There are lots of good reasons to compost. Composting allows you to save money and resources even as it reduces your impact on the environment. Of course, most gardeners know the value of rich, dark, earthy compost in growing healthy plants.
Adding compost to your garden will not only fertilize, it actually feeds your soil with a diversity of nutrients and microorganisms that will improve plant growth.
Give your plants the nutrient-dense fertilizer they crave, and watch your garden bloom like never before!
This double-decker drum composter is a sturdy, rodent- and rot-free container for all your compost. And it allows you to easily turn your compost which helps it break down faster.
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- 3 pcs – Pressure treated 8′ long 4×4 Timber
- 1 pc – Pressure treated 8′ long 1×4 Timber
- 4 Stakes
- 2 pcs – 5′ long Galvanized Poles
- 2 55 gallon Drums
- Galvanized Lag Bolts
- Corner and Flat Braces
- Drawer Handles
- Barrel Locks
- Nuts and Washers
- Exterior Screws
- Circular/Table Saw
- Rotary Saw
- 2″ Hole Saw
- Cordless Drill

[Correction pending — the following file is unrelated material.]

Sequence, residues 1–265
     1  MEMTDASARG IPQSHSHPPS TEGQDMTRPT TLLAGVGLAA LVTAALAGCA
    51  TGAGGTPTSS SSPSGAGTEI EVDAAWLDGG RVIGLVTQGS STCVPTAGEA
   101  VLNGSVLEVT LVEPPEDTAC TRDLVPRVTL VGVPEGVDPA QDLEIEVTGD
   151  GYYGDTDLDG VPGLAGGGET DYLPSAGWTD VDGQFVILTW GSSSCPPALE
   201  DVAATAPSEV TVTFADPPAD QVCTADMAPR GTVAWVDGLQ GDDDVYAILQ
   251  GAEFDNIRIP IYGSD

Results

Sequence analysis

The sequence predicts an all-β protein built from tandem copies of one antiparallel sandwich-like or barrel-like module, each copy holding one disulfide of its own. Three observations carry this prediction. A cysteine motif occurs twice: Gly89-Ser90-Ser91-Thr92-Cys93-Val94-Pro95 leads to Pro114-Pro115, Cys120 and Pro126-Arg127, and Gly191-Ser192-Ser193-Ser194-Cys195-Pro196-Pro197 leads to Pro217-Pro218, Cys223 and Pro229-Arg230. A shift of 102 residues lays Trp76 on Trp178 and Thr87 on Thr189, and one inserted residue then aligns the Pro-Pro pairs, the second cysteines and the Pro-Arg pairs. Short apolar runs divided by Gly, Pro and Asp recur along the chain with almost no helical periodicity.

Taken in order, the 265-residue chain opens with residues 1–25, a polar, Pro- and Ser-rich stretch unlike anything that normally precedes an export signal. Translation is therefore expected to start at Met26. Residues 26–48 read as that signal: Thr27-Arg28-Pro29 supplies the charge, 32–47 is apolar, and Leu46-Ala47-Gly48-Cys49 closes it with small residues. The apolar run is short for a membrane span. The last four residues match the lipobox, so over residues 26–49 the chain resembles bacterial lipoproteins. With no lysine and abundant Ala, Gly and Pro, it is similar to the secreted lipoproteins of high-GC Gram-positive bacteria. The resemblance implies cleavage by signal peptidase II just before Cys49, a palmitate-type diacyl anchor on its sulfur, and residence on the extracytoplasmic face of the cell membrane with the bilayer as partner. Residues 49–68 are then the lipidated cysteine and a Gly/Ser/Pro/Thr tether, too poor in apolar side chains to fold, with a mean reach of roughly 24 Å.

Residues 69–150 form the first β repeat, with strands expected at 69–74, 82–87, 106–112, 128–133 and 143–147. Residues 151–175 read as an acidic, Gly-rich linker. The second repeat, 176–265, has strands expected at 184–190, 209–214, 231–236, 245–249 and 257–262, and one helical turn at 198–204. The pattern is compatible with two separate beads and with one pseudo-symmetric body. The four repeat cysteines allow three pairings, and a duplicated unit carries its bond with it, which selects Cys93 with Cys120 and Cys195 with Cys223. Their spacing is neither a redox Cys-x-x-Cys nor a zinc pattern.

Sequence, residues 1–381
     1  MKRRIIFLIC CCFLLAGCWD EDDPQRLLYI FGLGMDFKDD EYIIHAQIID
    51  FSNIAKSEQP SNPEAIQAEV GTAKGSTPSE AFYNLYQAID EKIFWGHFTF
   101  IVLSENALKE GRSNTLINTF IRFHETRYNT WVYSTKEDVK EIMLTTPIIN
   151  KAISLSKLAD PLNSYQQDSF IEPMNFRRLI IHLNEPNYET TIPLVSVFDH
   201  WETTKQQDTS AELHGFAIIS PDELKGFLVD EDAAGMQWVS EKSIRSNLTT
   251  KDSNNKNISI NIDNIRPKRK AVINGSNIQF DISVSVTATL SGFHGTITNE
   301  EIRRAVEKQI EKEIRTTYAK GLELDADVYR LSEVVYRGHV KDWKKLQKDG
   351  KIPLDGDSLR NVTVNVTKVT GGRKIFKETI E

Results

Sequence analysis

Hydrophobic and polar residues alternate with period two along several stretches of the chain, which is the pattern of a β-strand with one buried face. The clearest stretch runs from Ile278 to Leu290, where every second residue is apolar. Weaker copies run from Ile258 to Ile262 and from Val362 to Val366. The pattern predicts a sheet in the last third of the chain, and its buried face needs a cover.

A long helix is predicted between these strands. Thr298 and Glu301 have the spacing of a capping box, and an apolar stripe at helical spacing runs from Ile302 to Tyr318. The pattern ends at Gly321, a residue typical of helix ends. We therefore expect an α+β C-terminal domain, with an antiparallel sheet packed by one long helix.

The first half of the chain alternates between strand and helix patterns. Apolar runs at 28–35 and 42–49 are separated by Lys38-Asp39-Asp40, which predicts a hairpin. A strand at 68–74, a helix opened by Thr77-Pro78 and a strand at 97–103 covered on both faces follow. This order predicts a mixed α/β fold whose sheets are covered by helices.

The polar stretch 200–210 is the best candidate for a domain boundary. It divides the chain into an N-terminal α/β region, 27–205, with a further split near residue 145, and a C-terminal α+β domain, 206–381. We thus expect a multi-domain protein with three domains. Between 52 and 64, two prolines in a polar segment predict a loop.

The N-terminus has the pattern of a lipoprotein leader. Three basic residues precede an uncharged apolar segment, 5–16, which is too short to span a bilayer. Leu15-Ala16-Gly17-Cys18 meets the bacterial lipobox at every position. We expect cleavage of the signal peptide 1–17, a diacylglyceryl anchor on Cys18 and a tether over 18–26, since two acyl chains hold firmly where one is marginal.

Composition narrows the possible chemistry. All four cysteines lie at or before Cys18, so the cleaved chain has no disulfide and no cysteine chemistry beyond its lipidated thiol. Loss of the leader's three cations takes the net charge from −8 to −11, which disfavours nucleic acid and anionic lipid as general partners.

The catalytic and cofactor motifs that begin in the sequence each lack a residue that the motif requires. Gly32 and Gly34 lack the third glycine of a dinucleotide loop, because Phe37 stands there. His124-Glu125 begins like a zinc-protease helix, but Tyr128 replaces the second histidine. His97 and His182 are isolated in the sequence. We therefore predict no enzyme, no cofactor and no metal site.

Steps To Build A Double-Decker Drum Composter
The frame of this DIY composter consists of 3 pressure treated 4×4’s and 1 pressure-treated 1×4, all eight feet long. One 4×4 was cut exactly in half and the 1×4 was cut into quarters – they were to become the 2 beams and 4 stakes.
I drilled pilot holes through the posts and into the beam of the DIY composter and held them together with galvanized lag bolts. Each of the corners where the beam meets the post got corner braces and the top got flat braces. The braces are meant for extra support for the my composter, since the barrels may become heavy. The space between the top beam and bottom beam was 3 feet.
I used a 2-inch hole saw to cut holes into the sides of the posts so they can hold the poles later on.
Then, I used some exterior screws to fasten the stakes to the bottom of the posts. The entire frame gets cemented into the ground later and the 4 stakes offer additional support to the frame.
At the bottom of the posts and stakes, I drilled some screws partially into the wood to hold them into the cement better.
After the frame was complete and I decided where it was going to go, I dug two trenches for the posts of my DIY composter and stakes to go into.
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